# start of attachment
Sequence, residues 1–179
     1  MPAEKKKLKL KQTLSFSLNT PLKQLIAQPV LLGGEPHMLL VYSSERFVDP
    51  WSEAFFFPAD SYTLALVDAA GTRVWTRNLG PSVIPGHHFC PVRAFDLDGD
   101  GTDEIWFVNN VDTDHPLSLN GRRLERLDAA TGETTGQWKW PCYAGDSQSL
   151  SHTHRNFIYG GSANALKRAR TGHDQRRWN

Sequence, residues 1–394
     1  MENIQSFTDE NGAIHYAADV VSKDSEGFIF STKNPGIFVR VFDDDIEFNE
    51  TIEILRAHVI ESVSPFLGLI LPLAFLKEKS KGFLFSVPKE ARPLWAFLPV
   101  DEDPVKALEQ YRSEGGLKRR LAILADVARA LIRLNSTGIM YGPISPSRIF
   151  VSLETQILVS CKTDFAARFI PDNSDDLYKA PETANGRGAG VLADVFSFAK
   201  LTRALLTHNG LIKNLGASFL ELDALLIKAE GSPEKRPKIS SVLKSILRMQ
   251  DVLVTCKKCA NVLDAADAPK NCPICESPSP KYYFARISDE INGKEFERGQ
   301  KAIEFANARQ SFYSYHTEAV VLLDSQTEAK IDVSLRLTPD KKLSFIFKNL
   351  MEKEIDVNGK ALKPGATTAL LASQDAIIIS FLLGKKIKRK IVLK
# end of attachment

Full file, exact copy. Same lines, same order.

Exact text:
Sequence, residues 1–179
     1  MPAEKKKLKL KQTLSFSLNT PLKQLIAQPV LLGGEPHMLL VYSSERFVDP
    51  WSEAFFFPAD SYTLALVDAA GTRVWTRNLG PSVIPGHHFC PVRAFDLDGD
   101  GTDEIWFVNN VDTDHPLSLN GRRLERLDAA TGETTGQWKW PCYAGDSQSL
   151  SHTHRNFIYG GSANALKRAR TGHDQRRWN

Sequence, residues 1–394
     1  MENIQSFTDE NGAIHYAADV VSKDSEGFIF STKNPGIFVR VFDDDIEFNE
    51  TIEILRAHVI ESVSPFLGLI LPLAFLKEKS KGFLFSVPKE ARPLWAFLPV
   101  DEDPVKALEQ YRSEGGLKRR LAILADVARA LIRLNSTGIM YGPISPSRIF
   151  VSLETQILVS CKTDFAARFI PDNSDDLYKA PETANGRGAG VLADVFSFAK
   201  LTRALLTHNG LIKNLGASFL ELDALLIKAE GSPEKRPKIS SVLKSILRMQ
   251  DVLVTCKKCA NVLDAADAPK NCPICESPSP KYYFARISDE INGKEFERGQ
   301  KAIEFANARQ SFYSYHTEAV VLLDSQTEAK IDVSLRLTPD KKLSFIFKNL
   351  MEKEIDVNGK ALKPGATTAL LASQDAIIIS FLLGKKIKRK IVLK